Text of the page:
Andreas Siegfried is the man that anyone who’s anyone in the art world needs to know. One of London’s most sought-after art advisors, he started his career at Christie’s before moving on to launch Christian Louboutin’s first London store. After six successful years in the fashion world, he decided to go back to his real passion and joined some of the world’s best-know galleries, including White Cube and Max Wigram Gallery. As well as being the UK VIP ambassador for Art Basel, he has also founded Siegfried Contemporary, a London-based art consultancy and advisory service for private and corporate clients. Specialising in modern and contemporary art, particularly from Europe and North America, he spends time maintaining close relationships with galleries, foundations, artists and auction houses. As part of the service, he also analyses trends and up-and-coming artists to advise clients wishing to create and develop a collection. Siegfried Contemporary launched its private showroom in spring 2012, aiming to showcase modern and contemporary art in a domestic context.
We caught up with Andreas to discuss his latest project, the Weight and Measure exhibition…
So, Andreas, tell us a little about the process of putting together the Weight and Measure exhibition.
I came up with the idea for the show through an artwork I own, by Richard Serra, called Weight & Measure. Its title has always intrigued me and it became the focal point for my collection.
How did you meet Lee Cavaliere, and what inspired you to put on the exhibition together?
Lee works for an art gallery I used to work for. We met during my first show, which featured works by the British painter James White.
Where does the initial concept for an exhibition come from?
The concept is to turn my house into an occasional private exhibition space. The works or designs shown should always have a dialogue with what I am already living with, as well as create a story linked to my life or to the environment of my living structure.
Do you have a favourite piece in the exhibition?
I like all the works I’ve chosen for it, whether it’s the quirkiness of Martin Creed, the sublime refinement of Jeff Wall or the subtle but powerful sculptures by Jose Davila.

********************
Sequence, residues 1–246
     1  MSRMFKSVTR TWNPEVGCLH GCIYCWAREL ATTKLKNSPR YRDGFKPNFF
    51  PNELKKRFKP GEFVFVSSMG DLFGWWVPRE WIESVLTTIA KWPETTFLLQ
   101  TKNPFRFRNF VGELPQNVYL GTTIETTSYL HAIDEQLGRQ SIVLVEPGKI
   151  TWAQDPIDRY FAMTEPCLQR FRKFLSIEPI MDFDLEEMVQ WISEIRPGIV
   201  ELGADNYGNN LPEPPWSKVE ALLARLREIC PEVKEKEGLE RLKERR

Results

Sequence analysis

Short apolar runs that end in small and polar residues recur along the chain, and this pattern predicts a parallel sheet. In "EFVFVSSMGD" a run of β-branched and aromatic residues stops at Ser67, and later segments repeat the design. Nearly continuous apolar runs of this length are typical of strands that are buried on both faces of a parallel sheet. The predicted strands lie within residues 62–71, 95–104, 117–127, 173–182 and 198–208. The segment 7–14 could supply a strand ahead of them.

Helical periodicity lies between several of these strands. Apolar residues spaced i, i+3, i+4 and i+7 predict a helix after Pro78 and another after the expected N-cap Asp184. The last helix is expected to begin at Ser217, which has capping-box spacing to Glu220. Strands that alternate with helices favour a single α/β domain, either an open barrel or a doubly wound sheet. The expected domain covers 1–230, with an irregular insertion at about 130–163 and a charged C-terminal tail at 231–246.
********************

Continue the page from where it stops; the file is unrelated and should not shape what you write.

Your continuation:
How do you source artists to feature?
It varies very much. In this case, it has been a more sophisticated approach; the featured works are by branded names, so to say. My next exhibition will showcase a young designer. I like the diversity of these projects, which range from very young and not established artists to established names.
What’s your favourite part of putting on a show?
I like sourcing the artworks. Whether it means going to a degree show at one of the art colleges in the UK or elsewhere, or working with collectors and galleries to gather an interesting collection, I find it very exciting.
Are there any up-and-coming artists you’re particularly excited about?
I always find someone new and exciting through my travels or gallery visits.
Did anything particularly catch your eye at Frieze this year?
At Frieze, there was Amanda Ross-Ho at The Approach gallery, as well as Michael Dean at Supportico Lopez.
Are you planning any new projects for the New Year?
I will be showcasing the designer Anton Alvarez together with Gallery Libby Sellers (he is one of her artists) in March. That will be an exciting project.
What do you love most about Notting Hill?
I love the fact that I don’t have to travel far to get what I need. Notting Hill for me offers nearly everything, from great shopping and gastronomy to leisure, and I feel as if I’m in the countryside when sitting in my garden. I say ‘nearly everything’, as there are not many good galleries in the area, or not yet…
What inspired you to move here?
I have always lived in Notting Hill, ever since I first moved to London, living in an apartment on Colville Mews.
What’s your favourite local hang-out?
I love the dining room at The Cow, and Pizza East.
Do you have any holidays planned? Where do you like to visit?
I love travelling. I’m going to Miami Beach next, where I’ll be working in my role as a VIP ambassador for Art Basel. I also love deserts, for example the Siwa Desert in Egypt.
How did you get involved with Art Basel?
A friend of mine at White Cube was approached by the head of Art Basel, who asked whether she knew anyone who could represent the fair in the UK. They wanted someone who had a connection to Switzerland, so of course she thought of me. Art Basel contacted me, and within a very short time I became their ambassador in the UK. I represent the fair on the highest level; I’m in touch with all the top collectors, curators, advisers and institutions. My job as an art adviser and my job with Art Basel are two different jobs, but they do overlap sometimes.
What book are you reading?
Proof of Heaven, by Dr Eben Alexander. It’s about after-death experiences, very interesting.
Describe yourself in three words.
I see myself as enthusiastic, curious and visual.
Weight and Measure - 15 October 2013 - 15 December 2013 (by appointment only)
Siegfried Contemporary, 16 Bassett Road, London W10; siegfriedcontemporary.com